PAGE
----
Your Take: Are the conference commissioners on the right track with a playoff?

Your Take is a chance to start thoughtful, spirited, intelligent and nice conversation about some of the hotter topics in college football. It allows the reader to have a voice as the best comments will be compiled into a later post (if there are enough good comments).

A college football playoff.

It's the topic that has been on everyone's mind for years and now it looks like it's going to happen.

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The 11 BCS conference commissioners and Notre Dame met in Dallas this week and, as the BCS email put it, "entered the 'brass tacks' level" in terms of finding a new way to choose a national champion.

But is it the right way? The best way?

While the group has not definitively said what type of playoff it plans to adapt, some of the quotes in the BCS email suggest that its leaning toward a four-team scenario (see the two games in a row part).

For example, if we change the current format, would we play some games on campus or all games on neutral sites? If some games are on campus, is that too much of a competitive advantage? If all games are at neutral sites, would fans be able to travel to two games in a row? How would teams be selected? By a committee, by the current ranking formula, or by a different formula? When exactly would games be scheduled, considering finals, holidays and our desire to avoid mid-January games?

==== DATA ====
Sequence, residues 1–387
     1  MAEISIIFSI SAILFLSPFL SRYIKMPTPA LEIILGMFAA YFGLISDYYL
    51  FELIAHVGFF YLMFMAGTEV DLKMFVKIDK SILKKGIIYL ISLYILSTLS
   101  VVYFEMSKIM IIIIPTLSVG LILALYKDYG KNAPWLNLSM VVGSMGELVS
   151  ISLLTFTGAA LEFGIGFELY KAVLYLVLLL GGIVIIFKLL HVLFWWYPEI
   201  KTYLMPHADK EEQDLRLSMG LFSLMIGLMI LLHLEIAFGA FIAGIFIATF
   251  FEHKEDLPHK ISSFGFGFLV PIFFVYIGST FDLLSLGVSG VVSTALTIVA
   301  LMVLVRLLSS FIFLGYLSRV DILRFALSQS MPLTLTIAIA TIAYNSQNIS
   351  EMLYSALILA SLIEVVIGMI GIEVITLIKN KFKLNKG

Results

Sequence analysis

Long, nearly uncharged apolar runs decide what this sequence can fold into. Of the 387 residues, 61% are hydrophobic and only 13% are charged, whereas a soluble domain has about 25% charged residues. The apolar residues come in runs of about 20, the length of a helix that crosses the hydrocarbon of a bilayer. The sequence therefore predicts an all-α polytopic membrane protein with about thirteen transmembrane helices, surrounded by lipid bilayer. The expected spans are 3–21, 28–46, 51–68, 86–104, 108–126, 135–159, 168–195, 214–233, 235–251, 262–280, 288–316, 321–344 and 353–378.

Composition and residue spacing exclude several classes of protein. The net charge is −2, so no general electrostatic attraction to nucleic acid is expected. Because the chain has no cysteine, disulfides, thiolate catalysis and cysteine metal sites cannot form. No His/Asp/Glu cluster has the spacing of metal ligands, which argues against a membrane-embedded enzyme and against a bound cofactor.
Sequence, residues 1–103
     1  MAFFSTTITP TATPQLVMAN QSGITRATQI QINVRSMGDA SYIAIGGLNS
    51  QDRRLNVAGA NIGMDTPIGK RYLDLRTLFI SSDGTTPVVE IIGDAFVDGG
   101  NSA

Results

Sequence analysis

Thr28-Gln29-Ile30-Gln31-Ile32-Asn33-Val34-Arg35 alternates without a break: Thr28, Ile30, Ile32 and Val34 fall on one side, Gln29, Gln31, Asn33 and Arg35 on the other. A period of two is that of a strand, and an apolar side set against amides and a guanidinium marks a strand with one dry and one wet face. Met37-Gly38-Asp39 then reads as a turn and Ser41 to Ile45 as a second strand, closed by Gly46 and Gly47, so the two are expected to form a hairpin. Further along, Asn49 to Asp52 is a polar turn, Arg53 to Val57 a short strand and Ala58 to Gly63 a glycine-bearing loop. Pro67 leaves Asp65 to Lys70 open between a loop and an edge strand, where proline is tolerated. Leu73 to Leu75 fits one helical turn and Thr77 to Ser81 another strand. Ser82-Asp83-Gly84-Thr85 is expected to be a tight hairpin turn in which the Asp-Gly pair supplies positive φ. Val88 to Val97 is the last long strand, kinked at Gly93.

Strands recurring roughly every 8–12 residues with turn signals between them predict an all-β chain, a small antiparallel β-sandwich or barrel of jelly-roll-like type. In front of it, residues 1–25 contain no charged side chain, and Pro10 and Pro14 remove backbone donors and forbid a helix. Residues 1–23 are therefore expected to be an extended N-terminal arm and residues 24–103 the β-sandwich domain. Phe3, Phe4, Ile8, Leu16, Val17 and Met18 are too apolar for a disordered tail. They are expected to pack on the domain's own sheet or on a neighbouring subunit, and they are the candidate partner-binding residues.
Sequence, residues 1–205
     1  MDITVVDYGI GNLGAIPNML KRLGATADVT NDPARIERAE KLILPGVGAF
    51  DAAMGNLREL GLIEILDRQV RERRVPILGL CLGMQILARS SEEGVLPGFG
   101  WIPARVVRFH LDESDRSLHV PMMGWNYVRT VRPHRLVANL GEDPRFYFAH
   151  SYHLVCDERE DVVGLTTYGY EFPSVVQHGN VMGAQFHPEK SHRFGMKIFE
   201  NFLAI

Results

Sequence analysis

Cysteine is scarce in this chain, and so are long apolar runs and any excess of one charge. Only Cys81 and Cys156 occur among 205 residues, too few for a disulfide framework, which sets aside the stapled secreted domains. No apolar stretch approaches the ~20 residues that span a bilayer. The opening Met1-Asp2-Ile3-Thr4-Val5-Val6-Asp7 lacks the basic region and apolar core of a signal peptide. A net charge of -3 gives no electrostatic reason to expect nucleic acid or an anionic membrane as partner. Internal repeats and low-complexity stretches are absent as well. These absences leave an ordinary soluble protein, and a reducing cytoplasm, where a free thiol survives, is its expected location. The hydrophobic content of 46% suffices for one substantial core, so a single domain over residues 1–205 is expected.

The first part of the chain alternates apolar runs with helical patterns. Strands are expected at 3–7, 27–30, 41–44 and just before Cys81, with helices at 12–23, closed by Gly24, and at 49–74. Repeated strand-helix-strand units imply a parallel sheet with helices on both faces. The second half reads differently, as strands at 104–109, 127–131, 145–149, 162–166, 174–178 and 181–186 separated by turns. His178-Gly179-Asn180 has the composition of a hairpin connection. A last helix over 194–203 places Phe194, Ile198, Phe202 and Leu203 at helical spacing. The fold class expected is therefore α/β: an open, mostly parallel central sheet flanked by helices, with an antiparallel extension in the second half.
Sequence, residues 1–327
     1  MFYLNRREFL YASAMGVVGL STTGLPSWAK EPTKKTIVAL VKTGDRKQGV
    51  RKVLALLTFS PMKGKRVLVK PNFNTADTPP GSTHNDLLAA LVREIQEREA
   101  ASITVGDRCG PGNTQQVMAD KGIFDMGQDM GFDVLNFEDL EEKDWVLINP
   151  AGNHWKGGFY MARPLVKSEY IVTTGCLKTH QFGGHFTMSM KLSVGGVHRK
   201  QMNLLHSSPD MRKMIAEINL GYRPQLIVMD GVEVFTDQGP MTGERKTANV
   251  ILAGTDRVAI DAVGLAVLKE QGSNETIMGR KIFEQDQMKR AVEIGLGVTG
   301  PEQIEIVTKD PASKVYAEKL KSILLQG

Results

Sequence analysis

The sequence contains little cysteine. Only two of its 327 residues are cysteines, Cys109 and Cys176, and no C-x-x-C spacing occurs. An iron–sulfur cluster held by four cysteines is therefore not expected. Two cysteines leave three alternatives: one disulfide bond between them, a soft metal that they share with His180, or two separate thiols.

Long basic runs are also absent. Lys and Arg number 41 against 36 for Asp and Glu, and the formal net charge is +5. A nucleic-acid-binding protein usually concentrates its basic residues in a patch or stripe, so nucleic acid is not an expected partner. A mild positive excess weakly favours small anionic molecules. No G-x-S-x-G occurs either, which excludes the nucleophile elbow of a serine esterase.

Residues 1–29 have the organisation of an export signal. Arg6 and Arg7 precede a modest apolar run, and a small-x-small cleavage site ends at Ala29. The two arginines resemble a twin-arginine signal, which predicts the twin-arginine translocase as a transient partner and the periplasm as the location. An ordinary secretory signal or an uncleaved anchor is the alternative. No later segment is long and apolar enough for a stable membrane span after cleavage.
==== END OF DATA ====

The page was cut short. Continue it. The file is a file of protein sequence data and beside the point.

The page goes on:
All sorts of playoff scenarios have been bounced around from a plus-one to Mike Leach's idea of a 64-team playoff like the NCAA Tournament. So now it's your turn. Are the conference commissioners and Notre Dame on the right track with a four-team playoff? Is that the best way to decide a national champion? And if so, how do they determine which teams go? Do they go by a poll or with conference champions?

Personally, I don't have the perfect solution for a playoff, so I'm OK with a four-team bracket. However, I'd like to see all polls — not just the BCS standings — start in October to give all teams a fair shake at those top spots. Preseason hype should not be a factor in who gets to be at the top to start the year. It should be based on the performance through the first month/month and a half of the season. Not only will this make the poll fairer, it also will encourage teams to play tougher non-conference schedules and not schedule so many bodybag games (which is good for the fans!). If the four, eight, 12 teams — whatever — are chosen like that, then I'm on board.

What's your take?

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